Riga holds first peaceful gay parade

4th June 2007, Comments 0 comments

4 June 2007, Riga (dpa) - Police were out in force in the Latvian capital on Sunday as local pro-gay groups held a largely peaceful parade. Several hundred policemen, including heavily-armoured riot squads, formed a human barrier inside and outside the fences of the Vermanes park in central Riga as up to 500 pro-gay activists staged a "march for equality" inside the park. In 2005 and 2006, pro-gay activists in Riga were attacked by anti- gay demonstrators who pelted them with eggs, fruit and excrement. "If

4 June 2007

Riga (dpa) - Police were out in force in the Latvian capital on Sunday as local pro-gay groups held a largely peaceful parade.

Several hundred policemen, including heavily-armoured riot squads, formed a human barrier inside and outside the fences of the Vermanes park in central Riga as up to 500 pro-gay activists staged a "march for equality" inside the park.

In 2005 and 2006, pro-gay activists in Riga were attacked by anti- gay demonstrators who pelted them with eggs, fruit and excrement.

"If we backed off now and said it was too dangerous to hold another parade, it would give the green light to violent and brutal groups who are trying to limit other people's right to the freedom of assembly," Linda Freimane, one of the parade's organizers, said.

The attacks were widely condemned across Europe, with representatives of the European and national parliaments, human- rights group Amnesty International and London-based activists all coming to Riga to support this year's parade.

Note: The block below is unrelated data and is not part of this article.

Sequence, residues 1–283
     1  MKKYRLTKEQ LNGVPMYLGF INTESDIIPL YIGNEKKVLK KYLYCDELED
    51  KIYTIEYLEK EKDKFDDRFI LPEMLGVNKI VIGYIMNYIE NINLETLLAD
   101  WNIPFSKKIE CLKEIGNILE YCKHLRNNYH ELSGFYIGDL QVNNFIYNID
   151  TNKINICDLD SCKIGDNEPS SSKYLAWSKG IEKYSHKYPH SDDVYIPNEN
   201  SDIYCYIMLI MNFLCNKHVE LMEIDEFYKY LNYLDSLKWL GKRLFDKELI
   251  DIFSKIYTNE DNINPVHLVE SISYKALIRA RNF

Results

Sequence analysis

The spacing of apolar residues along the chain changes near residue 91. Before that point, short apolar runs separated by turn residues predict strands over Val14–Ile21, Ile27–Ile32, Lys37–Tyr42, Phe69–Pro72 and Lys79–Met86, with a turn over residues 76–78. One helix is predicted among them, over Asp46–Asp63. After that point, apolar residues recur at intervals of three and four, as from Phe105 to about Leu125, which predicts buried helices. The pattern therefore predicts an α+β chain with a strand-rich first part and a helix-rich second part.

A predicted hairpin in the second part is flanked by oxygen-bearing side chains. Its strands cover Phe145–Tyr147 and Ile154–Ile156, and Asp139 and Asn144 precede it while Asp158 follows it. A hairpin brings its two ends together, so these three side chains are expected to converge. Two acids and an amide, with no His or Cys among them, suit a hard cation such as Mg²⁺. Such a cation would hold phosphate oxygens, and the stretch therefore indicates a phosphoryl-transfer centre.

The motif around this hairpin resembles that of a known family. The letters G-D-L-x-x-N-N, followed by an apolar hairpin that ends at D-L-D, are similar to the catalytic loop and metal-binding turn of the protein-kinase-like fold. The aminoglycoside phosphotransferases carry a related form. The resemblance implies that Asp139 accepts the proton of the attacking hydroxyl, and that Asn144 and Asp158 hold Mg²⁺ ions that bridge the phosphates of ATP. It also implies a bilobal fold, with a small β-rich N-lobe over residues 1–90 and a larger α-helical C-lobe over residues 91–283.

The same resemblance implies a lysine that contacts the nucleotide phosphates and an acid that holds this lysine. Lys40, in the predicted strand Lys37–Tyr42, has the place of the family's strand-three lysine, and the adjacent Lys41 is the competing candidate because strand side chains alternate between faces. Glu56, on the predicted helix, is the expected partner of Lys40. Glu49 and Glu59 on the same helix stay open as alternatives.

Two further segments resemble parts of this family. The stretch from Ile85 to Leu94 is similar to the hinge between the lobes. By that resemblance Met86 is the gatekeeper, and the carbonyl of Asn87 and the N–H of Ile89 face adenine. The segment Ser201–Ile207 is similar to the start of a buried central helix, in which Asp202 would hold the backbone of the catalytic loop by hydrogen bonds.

"We come not as missionaries but as observers, so we can bring international attention to your event," said Volker Beck, a member of the German parliament.

Outside the fences and police lines, several dozen counter- demonstrators gathered to hurl abuse at the parade. "Fags are not human!" and "You have no rights!" were among the slogans used.

And a Christian-fundamentalist preacher who is one of the leaders of the anti-gay movement in Latvia, Alexei Ledjajev, attempted to cross the police lines with his bodyguards.

"The government wants to start a new homosexual occupation of Latvia ... It's a scandal when these maniacs and paedophiles who rape children are allowed to fight against normal people," he said.

As the pro-gay marchers left the area under heavy escort, two men hurled missiles at them. The devices exploded with a thunderous noise but caused no injuries, and the men were arrested on the spot.

Half a kilometre from the march, meanwhile, anti-gay groups led by nationalist and Christian extremists held a concert entitled "The world against homosexualism" on the banks of the Daugava river.

Organizers had promised an attendance of up to 40,000, but no more than 1,000 attendees were observed there at one time, with an estimated 5,000 thought to have been there during the afternoon.

"I'm here because I don't like what's happening in the Vermanes park. We're against perversion, more than half of Latvians are against it, so what kind of democracy is this?" Riga resident Juna, 19, who attended the concert in an anti-gay T-shirt, said.

Homosexuality was outlawed in Latvia throughout the Soviet occupation, and only became legal after independence in 1991.

It is still a little-understood topic: gays are regularly accused by public figures, including church leaders and politicians, of being paedophiles, perverts, criminals, drug addicts and sick.

Since the attacks in 2006, many politicians have toned down their rhetoric. Hardline groups have toughened theirs, however, forging links with anti-gay groups in the US

DPA

Subject: German news

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